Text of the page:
Down to the wire…
House Budget Committee Chairman Paul Ryan expects his fellow Republicans to wait until the “last minute” to strike a deal that averts national default by raising the $14.3 trillion limit on the U.S. debt.
Failure to reach a deal could trigger a new global financial crisis, according to analysts and Democrats including President Barack Obama. But on Monday, the day the U.S. debt reached its current statutory limit, Ryan told an Illinois AM radio station that “we’re going to negotiate this thing probably up through July, that’s how these things go.”
“That’s how these things go” could place negotiations at the very doorstep of an Aug. 2 deadline, which is when the Treasury Department believes it will exhaust its bag of tricks for staving off a financial apocalypse.
Ryan’s comments came a day after Senate Republican Leader Mitch McConnell advised CNN’s viewers to see the approaching default deadline as a source of opportunity.
Meanwhile, inflation worries buttressed by still-way-high gas prices are driving U.S. states to consider making silver and gold coins legal tender. South Carolina is the latest to consider legislation to that effect, joining over two-dozen others in a trend that began this month in Utah.
What happens among the states often has a way of entering the circuitry of presidential politics, as Mitt Romney discovered with the healthcare reforms he championed in Massachusetts.
But at the moment, the presidential campaign debate is focused on Medicare, specifically the mini-GOP civil war between Newt Gingrich and Ryan over the latter’s Medicare reform plan. Newt, currently on the defensive, is being taken to the woodshed today by one of the strongest conservative voices in the United States: The Wall Street Journal Editorial Board.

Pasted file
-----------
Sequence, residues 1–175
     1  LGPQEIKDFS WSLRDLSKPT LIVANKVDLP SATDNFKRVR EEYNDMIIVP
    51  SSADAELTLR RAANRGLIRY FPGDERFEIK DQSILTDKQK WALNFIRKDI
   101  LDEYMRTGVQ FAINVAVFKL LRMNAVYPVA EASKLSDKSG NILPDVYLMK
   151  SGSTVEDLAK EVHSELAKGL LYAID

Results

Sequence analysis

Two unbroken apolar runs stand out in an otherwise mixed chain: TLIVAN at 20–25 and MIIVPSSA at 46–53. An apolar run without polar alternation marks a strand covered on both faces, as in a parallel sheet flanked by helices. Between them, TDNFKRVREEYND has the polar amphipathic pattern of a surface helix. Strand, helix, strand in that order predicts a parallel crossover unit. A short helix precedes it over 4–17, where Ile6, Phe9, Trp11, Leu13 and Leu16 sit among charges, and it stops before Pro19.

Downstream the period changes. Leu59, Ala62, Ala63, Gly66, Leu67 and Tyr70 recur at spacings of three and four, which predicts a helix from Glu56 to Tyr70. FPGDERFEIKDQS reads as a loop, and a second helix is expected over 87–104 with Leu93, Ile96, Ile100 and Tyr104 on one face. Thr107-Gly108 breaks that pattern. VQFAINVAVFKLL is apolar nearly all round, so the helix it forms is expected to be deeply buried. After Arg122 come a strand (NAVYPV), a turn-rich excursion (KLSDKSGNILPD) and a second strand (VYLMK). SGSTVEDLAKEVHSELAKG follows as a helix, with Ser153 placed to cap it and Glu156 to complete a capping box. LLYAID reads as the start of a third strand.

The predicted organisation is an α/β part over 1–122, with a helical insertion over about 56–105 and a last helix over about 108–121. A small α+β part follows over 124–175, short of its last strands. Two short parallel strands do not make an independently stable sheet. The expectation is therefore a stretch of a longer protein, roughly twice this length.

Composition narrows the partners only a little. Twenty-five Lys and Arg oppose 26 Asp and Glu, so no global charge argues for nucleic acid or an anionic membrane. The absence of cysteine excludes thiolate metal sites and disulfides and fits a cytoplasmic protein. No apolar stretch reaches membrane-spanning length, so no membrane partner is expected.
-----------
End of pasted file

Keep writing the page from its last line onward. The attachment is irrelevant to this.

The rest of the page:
Otherwise, the campaign focus is all about not-quite-declared Republican wannabes … like Mitt Romney and his $10.25 million one-day take in Vegas. (Not that raising money from donors is the only role a politician can play in campaign finance these days.)
There’s also Tim Pawlenty massing forces in the early primary state of South Carolina … and the out-of-the-running governor of Mississippi who wants the reluctant governor of Indiana to get in the 2012 race for the White House.
With Donald Trump and Mike Huckabee now ex-wannabes, things could get a lot duller — but perhaps a bit more substantial.
For entertainment, we still have Jon Stewart of the Daily Show, who points out that the IMF chief’s sexual assault arrest came out the same weekend as Osama bin Laden’s porn scandal.
Reuters Photo Credits: Chip East (National Debt); Jason Reed (Paul Ryan); Stoyan Nenov (Alexander the Great Coin); Lucas Jackson (body painter paints campaign slogans during campaign fund-raiser); Phelan Ebenehack (Disney)
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